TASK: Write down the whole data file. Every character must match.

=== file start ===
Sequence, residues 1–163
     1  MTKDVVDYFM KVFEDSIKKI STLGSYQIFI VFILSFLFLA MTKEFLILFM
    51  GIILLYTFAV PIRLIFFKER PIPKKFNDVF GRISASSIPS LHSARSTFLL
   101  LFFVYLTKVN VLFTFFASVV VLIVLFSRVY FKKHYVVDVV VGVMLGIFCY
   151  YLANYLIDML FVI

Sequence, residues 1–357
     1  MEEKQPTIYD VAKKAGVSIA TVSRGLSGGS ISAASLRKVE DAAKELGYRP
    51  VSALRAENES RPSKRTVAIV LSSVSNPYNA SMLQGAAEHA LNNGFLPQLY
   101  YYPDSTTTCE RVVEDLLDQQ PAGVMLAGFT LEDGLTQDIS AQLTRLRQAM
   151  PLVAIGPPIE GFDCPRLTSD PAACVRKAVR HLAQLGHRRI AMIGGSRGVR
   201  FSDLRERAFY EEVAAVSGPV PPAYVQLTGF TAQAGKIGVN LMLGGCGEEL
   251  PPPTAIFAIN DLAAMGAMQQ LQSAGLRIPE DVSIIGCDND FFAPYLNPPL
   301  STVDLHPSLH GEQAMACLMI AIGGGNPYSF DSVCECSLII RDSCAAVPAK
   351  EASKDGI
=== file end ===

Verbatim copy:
Sequence, residues 1–163
     1  MTKDVVDYFM KVFEDSIKKI STLGSYQIFI VFILSFLFLA MTKEFLILFM
    51  GIILLYTFAV PIRLIFFKER PIPKKFNDVF GRISASSIPS LHSARSTFLL
   101  LFFVYLTKVN VLFTFFASVV VLIVLFSRVY FKKHYVVDVV VGVMLGIFCY
   151  YLANYLIDML FVI

Sequence, residues 1–357
     1  MEEKQPTIYD VAKKAGVSIA TVSRGLSGGS ISAASLRKVE DAAKELGYRP
    51  VSALRAENES RPSKRTVAIV LSSVSNPYNA SMLQGAAEHA LNNGFLPQLY
   101  YYPDSTTTCE RVVEDLLDQQ PAGVMLAGFT LEDGLTQDIS AQLTRLRQAM
   151  PLVAIGPPIE GFDCPRLTSD PAACVRKAVR HLAQLGHRRI AMIGGSRGVR
   201  FSDLRERAFY EEVAAVSGPV PPAYVQLTGF TAQAGKIGVN LMLGGCGEEL
   251  PPPTAIFAIN DLAAMGAMQQ LQSAGLRIPE DVSIIGCDND FFAPYLNPPL
   301  STVDLHPSLH GEQAMACLMI AIGGGNPYSF DSVCECSLII RDSCAAVPAK
   351  EASKDGI